The day will come when all Android devices, across all manufacturers, will have flawless live wireless integration (calendar, contacts and more) with Gmail or your Google Apps domain, built-in. No integration required. The Google Apps domain administrator will have a “Wireless” tab in their admin console, and the consumer will have a “Wireless” tab in their Gmail settings page[1919.And this is not mentioning the additional inevitability of Google integrating their Google Voice offering into the Android platform.].

Wow.

Now you start to see the absolutely breathtaking strategic power of Google.  How does RIM counter this?

Google “owns” the actual “user accounts” with corporate users at Google Apps and consumer users at Gmail.  According to Google’s latest released numbers for Google Apps there are 2 million organizations, with 25 million users[2020.25 million People Have Gone Google, googleblog, 3/17/10 [link]], and 8 million  users of “Google Apps for Education.”  The numbers at Gmail are a little harder to come by, but it’s probably safe to say that Google has at least 100 million active consumer email accounts and could have as many as 200 million.[2121.Why Google Buzz Will Be A Hit, cnn.com, 2/11/10 [link]]

The decision shifts away from: “I’ve selected my wireless device (Blackberry), now how do I integrate it with my existing email/groupware account (MS Exchange)?” to: “I’ve got my existing email/groupware account (Google Apps), now which wireless device should I select (any Android will do)?”

Whoa, wait a minute, wait a minute, I thought we were competing on wireless devices. RIM’s are really good: they have great battery life and the keyboard is great, and we’ve seen some really whack Android devices. And isn’t Android going to be facing a lot of the same problems that held Microsoft back in the wireless market? Namely, selling the OS to different OEM vendors. So is there going to be fragmentation and that weird disconnect between the handheld’s hardware and the software?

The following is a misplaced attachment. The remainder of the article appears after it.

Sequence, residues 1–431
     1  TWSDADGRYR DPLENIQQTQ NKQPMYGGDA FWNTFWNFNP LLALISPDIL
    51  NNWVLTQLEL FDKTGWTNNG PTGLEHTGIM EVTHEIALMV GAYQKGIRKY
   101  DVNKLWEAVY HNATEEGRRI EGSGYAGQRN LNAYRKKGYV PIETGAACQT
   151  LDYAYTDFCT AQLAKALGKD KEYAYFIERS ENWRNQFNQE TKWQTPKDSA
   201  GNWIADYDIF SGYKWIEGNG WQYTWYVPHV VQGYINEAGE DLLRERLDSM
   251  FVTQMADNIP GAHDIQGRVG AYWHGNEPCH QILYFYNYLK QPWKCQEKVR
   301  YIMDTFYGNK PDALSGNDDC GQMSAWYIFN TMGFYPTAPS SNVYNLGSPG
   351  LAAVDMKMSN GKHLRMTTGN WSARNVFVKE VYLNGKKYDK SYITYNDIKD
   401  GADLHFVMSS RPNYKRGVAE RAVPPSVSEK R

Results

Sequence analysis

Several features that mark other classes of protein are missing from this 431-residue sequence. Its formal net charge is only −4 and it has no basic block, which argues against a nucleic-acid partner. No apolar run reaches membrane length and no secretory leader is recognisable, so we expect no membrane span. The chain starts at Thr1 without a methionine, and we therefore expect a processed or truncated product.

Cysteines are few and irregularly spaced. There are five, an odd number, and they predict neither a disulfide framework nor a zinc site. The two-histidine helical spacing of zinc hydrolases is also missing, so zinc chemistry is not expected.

Yeah, ok, I am feeling better now. Yes, I’ll give it to you that Android devices are getting better, but it’s still going to be a long OEM/user adoption slog. Maybe Android gets a good streak of “design wins” on different handheld models and then perhaps goes through a dry spell, but RIM’s got time because it’ll have the edge on unit volumes for the duration of this long adoption slog.  Yep, that’s how RIM beat the Treo.

Except, the game has changed.

It’s kinda not about the device anymore. It’s kinda like which camp you are in.

Cloud or On-Premise.

Consumer/Small business sales or enterprise sales.

In February 2010, RIM announced a free BES server download option. From the coverage[2222.RIM to Give Away Server Software, news.com 2/16/10 [link]] of the announcement at Mobile World Congress:

BlackBerry maker Research In Motion(RIM) is trying to hold on to business customers with a free version of its BlackBerry Enterprise Server(BES) software. Co-CEO Mike Lazaridis announced here Tuesday during his keynote address to the Mobile World Congress that the company will offer a free version of BlackBerry Enterprise Server software for small and medium-size business customers, as well as for businesses that want to let employees use their own phones to access corporate e-mail [SDO- emphasis mine].”